Alas, the three-act Iraq War will end in the “marriage” of Iraq and Iran. But this is no Shakespearean comedy. Instead, the 25-year American experience in Iraq is some kind of  dark, postmodern, geopolitical comedy. Let us hope that the Trump Administration keeps this in mind as it ramps up U.S. combat operations in Iraq. We must kill ISIS, but we must not miss the fact that Iran is not our friend.

About Brandon J. Weichert

Brandon J. Weichert is a geopolitical analyst who manages The Weichert Report. He is a contributing editor at American Greatness and a contributor at Asia Times . He is the author of Winning Space: How America Remains a Superpower (Republic Book Publishers). His second book, The Shadow War: Iran's Quest for Supremacy (Republic Book Publishers) is due in Fall of 2022. Weichert is an educator who travels the country speaking to military and business audiences about space, geopolitics, technology, and the future of war. He can be followed via Twitter: @WeTheBrandon.

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8 responses to “Iraq: A War in Three Acts”

  1. Since far more Shiites than Christians have been killed by radical Sunnis perhaps Iran, though it may not be America’s friend, might become an ally of the United States against our common enemy of radical Sunni Jihadists. President Donald Trump would be wise to at least explore that possibility.

    • America for everyone includes the Muslims who have opposed the criminals in their own countries, on our behalf. The Russians too

  2. Here’s praying that they all kill each other. There are no good guys over there. (I didn’t realize until a recent deep dive on the run up to WWI that the Kurds were also all in on slaughtering infidels. Google the Hamidian Massacre.) I supported the war on the notion that all people want to be free and, if just given a chance, Muslims were no different. With apologies to Bernard Lewis, oh yes they very much are. Islam is incompatible with secular democratic governance. Until and unless they have their own Reformation, nothing will change. In the mean time, they can just all stay over there and car bomb each other ’til the cows come home.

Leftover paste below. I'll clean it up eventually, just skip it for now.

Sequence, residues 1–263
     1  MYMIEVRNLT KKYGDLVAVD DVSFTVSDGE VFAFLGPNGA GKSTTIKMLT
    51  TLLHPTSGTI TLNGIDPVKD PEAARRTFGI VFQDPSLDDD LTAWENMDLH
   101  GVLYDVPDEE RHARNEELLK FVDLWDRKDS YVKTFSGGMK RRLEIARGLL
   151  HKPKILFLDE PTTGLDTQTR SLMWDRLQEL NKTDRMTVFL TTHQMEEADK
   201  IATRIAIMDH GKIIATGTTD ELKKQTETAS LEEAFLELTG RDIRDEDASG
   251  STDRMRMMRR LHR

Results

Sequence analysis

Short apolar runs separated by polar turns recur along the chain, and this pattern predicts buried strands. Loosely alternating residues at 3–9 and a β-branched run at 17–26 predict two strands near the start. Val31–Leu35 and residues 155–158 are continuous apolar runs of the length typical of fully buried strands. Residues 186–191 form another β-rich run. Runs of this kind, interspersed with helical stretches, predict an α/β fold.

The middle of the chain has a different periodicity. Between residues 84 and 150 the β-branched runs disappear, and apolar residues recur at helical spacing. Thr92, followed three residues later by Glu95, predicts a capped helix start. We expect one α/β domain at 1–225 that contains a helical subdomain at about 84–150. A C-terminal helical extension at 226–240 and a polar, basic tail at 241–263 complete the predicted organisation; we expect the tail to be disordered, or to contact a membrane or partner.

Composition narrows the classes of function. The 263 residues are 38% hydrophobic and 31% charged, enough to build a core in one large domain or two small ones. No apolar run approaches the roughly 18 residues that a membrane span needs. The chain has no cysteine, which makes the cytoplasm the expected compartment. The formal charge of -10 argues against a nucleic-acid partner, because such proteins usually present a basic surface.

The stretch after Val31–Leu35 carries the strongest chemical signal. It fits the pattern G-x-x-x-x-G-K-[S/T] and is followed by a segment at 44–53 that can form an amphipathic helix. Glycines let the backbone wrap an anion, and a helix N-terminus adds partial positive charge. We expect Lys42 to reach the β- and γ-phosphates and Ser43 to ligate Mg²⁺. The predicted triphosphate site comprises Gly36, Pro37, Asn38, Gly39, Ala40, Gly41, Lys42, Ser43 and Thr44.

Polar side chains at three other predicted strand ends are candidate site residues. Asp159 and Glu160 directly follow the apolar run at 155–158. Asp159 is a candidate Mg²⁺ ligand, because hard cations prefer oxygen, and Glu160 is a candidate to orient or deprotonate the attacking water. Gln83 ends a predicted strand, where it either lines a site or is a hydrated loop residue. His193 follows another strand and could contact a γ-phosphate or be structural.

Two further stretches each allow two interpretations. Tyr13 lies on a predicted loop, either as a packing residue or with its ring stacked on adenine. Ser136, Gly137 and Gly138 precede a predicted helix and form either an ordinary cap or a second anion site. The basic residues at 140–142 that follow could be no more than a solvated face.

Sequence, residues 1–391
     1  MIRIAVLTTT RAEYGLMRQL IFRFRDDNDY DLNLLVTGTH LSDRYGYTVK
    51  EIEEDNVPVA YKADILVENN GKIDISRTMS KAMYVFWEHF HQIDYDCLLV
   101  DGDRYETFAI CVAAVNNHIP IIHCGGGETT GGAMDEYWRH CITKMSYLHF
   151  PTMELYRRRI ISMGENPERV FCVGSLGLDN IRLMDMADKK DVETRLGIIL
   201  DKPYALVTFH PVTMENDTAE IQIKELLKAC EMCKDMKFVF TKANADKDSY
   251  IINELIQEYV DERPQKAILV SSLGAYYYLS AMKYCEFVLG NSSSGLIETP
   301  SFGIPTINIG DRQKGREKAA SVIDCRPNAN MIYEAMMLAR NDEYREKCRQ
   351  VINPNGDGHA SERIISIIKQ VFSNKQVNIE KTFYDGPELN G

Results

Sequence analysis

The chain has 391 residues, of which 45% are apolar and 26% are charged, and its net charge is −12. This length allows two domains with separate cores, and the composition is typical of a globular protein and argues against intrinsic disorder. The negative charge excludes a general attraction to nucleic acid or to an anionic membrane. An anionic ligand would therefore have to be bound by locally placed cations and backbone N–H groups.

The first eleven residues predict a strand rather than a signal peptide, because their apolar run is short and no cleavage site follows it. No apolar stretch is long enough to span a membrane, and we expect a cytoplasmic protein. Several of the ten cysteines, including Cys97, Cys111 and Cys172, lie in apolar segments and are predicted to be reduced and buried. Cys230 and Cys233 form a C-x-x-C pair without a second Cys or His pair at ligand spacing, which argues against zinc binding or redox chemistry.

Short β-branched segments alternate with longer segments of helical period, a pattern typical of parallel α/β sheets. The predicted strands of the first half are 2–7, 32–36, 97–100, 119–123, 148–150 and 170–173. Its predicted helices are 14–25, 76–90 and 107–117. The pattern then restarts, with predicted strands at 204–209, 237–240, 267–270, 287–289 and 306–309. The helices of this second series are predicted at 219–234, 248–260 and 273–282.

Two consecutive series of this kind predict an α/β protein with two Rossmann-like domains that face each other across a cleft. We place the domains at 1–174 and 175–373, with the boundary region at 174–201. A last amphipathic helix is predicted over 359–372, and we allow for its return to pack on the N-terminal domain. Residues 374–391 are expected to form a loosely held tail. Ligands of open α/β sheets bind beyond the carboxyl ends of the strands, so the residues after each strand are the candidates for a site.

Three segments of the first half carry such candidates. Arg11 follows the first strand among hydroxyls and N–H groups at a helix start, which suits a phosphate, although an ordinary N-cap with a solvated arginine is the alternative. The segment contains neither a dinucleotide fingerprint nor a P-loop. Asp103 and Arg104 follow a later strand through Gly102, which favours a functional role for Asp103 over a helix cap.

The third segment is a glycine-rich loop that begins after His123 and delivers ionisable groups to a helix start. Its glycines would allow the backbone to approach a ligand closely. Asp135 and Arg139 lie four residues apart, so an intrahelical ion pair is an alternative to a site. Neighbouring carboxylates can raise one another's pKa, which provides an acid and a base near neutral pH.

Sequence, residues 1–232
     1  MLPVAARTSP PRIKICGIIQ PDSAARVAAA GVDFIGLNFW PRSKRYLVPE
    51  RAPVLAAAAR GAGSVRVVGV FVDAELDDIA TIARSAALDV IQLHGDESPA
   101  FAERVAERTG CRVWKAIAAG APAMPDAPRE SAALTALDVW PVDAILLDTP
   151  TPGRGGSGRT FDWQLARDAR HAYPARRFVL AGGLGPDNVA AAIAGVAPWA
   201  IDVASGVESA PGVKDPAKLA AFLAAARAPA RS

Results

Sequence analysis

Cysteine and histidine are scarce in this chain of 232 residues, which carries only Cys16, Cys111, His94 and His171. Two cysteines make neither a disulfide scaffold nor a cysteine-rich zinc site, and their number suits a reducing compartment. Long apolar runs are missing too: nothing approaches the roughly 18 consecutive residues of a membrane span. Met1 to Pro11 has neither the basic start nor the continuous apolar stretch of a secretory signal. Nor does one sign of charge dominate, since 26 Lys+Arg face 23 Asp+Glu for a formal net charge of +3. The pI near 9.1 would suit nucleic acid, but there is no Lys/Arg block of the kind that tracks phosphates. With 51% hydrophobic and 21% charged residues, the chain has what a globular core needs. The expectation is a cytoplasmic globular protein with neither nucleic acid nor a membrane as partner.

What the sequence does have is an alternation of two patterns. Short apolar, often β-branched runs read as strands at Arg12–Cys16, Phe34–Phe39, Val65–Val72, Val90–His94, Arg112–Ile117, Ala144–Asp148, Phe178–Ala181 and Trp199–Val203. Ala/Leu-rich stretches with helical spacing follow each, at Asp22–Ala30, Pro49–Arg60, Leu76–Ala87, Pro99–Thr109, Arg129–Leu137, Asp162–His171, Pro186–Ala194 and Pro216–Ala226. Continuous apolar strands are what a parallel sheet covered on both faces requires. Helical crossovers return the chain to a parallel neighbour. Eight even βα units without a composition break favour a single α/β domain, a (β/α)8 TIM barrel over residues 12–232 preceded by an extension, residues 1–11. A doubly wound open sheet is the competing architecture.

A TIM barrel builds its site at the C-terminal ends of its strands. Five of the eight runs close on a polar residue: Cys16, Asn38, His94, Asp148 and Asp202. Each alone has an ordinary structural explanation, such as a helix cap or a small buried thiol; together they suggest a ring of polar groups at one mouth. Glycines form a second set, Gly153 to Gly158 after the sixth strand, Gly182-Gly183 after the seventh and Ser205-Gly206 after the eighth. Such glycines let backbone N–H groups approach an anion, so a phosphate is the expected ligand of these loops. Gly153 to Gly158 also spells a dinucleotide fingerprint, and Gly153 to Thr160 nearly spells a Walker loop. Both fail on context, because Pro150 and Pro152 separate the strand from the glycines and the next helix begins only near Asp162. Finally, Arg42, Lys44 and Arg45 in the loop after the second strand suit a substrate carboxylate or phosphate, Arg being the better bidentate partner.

3. “Iran is not our friend.”

    Please, for us readers, identify all of the Iran-backed terrorist attacks in the US over the last 40 years. Or even any Shiite terrorist attacks in the US during that time.

    • Oh come on. Seriously? I doubt any of your friends deem you to be a great Satan, and call you that publicly.

    • Search for any news item that has the word Hezzbollah, in it. Then, go to

  4. Your narrative is incomplete…in the final act, an agent for Iran throws away the peace and hands Iraq to it’s enemy. The loud and sad sound of a trombone can be heard.

    People have to start realizing that virtually no other country in the world benefitted more from an Obama Presidency than Iran. From getting nukes to being protected from the arab spring to getting ransom for soldiers…Obama did it all. And Obama’s removal of Mubarak and abandonment of Iraq fragmented the status quo and put the entire region into play.

  5. Back in 2014 I asked, in a blog post, would Barack Obama come to be known as “The President Who Lost the Middle East?”
    The answer is pretty clearly “Yes.” It is fashionable in some circles to blame George W. Bush for his ‘nation-building’ predilections, but he left Iraq with a modicum of hope, which the naifs in the Obama White House quickly squandered, while also creating confusion in Egypt, Libya, and Syria and allowing ISIS to grow. Into this swamp—the first use of “Draining the swamp” I can recall was Donald Rumsfeld’s prescription for ridding the MidEast of the feverish conditions that bred Islamic Terrorism—have come the Russians.

    The focal point now is not Iraq; it is Syria. This is a tinderbox not unlike the Spanish Civil War, which was a prelude to World War II, as the major powers vied for influence with proxy factions. Now we see both Russian and American high-performance aircraft supporting different factions in Syria, and coming dangerously close to each other. This is a recipe for disaster, and it should stop.

    Donald Trump, during the Presidential campaign, intimated more than once that he would be willing to work with the Russians to destroy ISIS. He should also stop supporting other Islamist ‘rebels’ and agree to let Assad regain control of the country. Assad is a secularist of sorts, and a known quantity for Israel. That he is allied with Russia and Iran is a worry, but not an insuperable one.

    Has President Trump caved in to the Democrats and Republican hawks like Senator McCain in their anti-Russian hysteria? I hope not. Putin’s Russia shares a border with Iran, and has military bases in Syria; they are not going anywhere, so our best bet is to come to some kind of modus vivendi that will create a basis for future cooperation, not confrontation.